After I became unwell, I honestly thought that my experiences would be resolved in a matter of time and you know move on with my life and my career – looking forward, as I always strived to do. But, that wasn’t enough for them.
To protect their reputation, they had to pass my private life to The Sun newspaper not only endangering me as a counter terrorism detective but outing me with a mental illness and my sexuality in such a national public way.
A humiliating and deliberate act. A vicious one at best.
To rub salt in the wounds, they told the paper I wanted thousands upon thousands of pounds too. Like, they had painted others in the past whom had challenged racism and homophobia. The problem for the Met though, they messed with the wrong officer and I don’t mean this in an arrogant way.
I was fortunate enough to have been raised by a loving white mother, who always taught me the difference between right and wrong for as long as I can remember. Even when I used to have those pointless arguments with my first long-term boyfriend as you do over the minor of life things, she’d be the first to tell me to apologise when I was wrong. I did, even if through gritted teeth.
She was loving, but wise too. Even as my ambassador in life, she didn’t just side with me because I was her son.
I knew what was going on in the police with regards to racism, homophobia and other practices, went against many decent peoples’ values and should never have been acceptable and were wrong. At some point, my principles got the better of me. The police knew I would tell the truth, I couldn’t help it and it is for this reason only they came after me so hard. Their own documents show this, but they had to argue at court I wasn’t.
I guess, that’s understandable.
I lost my mind, my career, my home and my husband and why? I’m yet to find anyone who can give me an answer to this, about what I did so bad? Maybe, there isn’t one.
When the Commissioner charged me last year with two offences of Gross Misconduct, I knew he was getting desperate. When he put someone like me whom had served his country in one way or another since the age of 10 (through the cadets Forces) into the same class as the officer involved in the death of Ian Tomlinson, I knew it was personal. It was an act of revenge.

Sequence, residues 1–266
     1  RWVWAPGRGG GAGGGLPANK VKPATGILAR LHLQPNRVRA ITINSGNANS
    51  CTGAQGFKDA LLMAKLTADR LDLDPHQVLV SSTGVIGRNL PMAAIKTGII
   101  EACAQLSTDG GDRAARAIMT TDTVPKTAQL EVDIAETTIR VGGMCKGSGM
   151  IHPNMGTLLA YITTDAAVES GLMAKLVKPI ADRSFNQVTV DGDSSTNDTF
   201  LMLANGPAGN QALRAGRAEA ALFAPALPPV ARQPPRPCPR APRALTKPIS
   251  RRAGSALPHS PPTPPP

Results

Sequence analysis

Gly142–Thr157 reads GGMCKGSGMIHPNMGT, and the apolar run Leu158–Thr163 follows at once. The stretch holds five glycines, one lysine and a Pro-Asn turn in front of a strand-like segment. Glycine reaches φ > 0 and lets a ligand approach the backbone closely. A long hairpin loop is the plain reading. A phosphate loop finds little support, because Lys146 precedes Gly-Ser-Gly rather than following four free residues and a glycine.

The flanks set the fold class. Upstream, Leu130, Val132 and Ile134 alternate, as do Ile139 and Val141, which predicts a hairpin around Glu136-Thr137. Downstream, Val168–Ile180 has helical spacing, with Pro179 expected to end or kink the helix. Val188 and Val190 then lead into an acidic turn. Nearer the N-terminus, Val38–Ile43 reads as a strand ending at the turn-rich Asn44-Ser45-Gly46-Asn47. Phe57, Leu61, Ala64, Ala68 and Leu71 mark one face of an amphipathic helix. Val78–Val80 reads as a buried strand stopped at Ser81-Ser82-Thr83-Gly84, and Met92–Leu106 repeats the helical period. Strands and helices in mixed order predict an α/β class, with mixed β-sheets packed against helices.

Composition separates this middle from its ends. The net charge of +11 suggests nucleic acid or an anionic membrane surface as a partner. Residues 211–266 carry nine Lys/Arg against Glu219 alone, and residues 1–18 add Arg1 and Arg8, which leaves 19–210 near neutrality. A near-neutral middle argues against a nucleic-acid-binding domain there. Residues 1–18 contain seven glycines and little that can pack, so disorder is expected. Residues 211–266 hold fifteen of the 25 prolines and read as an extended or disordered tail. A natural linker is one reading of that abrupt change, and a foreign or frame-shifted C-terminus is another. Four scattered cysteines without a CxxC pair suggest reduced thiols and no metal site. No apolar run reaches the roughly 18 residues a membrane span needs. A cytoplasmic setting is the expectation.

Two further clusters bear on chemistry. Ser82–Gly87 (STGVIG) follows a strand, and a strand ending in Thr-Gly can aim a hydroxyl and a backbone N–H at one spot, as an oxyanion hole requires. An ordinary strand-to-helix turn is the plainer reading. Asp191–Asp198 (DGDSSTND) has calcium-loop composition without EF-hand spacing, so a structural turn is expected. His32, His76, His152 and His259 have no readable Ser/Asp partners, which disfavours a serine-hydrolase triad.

Even my Police Federation union turned on me, not because I was a bad guy but because everyone saw me as a ‘danger’ to their own positions and public standing. Because, there was a danger that the people like my mother and of her generation might just see that all has not been right. They couldn’t allow that.
The case of the British Conservative MP Andrew Mitchell who had to resign from the UK Government over a spat with the police, as it now transpires has shown that there are some things in the service that need to be eradicated. In Britain, we still live in a democracy where the rule of law exists to protect us and keep us in check.
This rule of law is there for police officers too, as no one is above it.
To this day, I don’t know honestly why I haven’t taken that last step with suicide. I really don’t.
Maybe, because that takes real guts.
My counsellor once said to me that my experiences would have finished many off a long time ago, but some how I’ve battled on. Have I? I do know the past four years have damaged me, and maybe I’ll never recover.
It’s not like I’m getting a kick out of it too, I just don’t like bullies. In fact, I detest them.
I can’t backdown, because everything I have lost will have all been for nothing. There has to be accountability.
My dispute with Scotland Yard I knew was going to come at a price. You cannot just go around saying that Britain’s Counter Terrorism Command are racist, homophobic and/or corrupt, with no consequences. None, at all.
The full facts of my case that do not come under employment law, are not even in the public domain. That’s why, the police have threatened me with the Official Secrets Act. My arrest they’d hope, would put doubt in the public mind as to my integrity. Some of my former colleagues would probably love it, to just have the pleasure in taking away my last liberty – you know, so they can say LOOK … “no smoke without fire” and the rest.
Unfortunately for them though, I don’t dance. I’m too old and too fat, to want to do so.
What ever the future holds for me, I do know that any decision I take will be mine and mine alone.
Those whom have taken their own life, have done so knowing that there is no return. A sad, but brave act.
I often say to people that ironically social media saved my life, as without it I would never have been able to challenge as I have the police with their conduct in a way that they couldn’t brush it under the carpet and silence me. I hadn’t the resources of public funds like them, the PR and so forth. It was just me, my Facebook, Twitter and blog.
I may have won a few battles, but the Met whatever the outcome won the war.
Whilst I live in a hostel separated from the man I loved and on the verge of a divorce and drawing State benefits, those who subjected me to racism and homophobia continue to draw their salaries and live in their homes with their families oblivious to the harm they have caused. I don’t wish them any ill, but where’s the justice in this?
I do wonder if the Commissioner sleeps as comfortable as I do at night?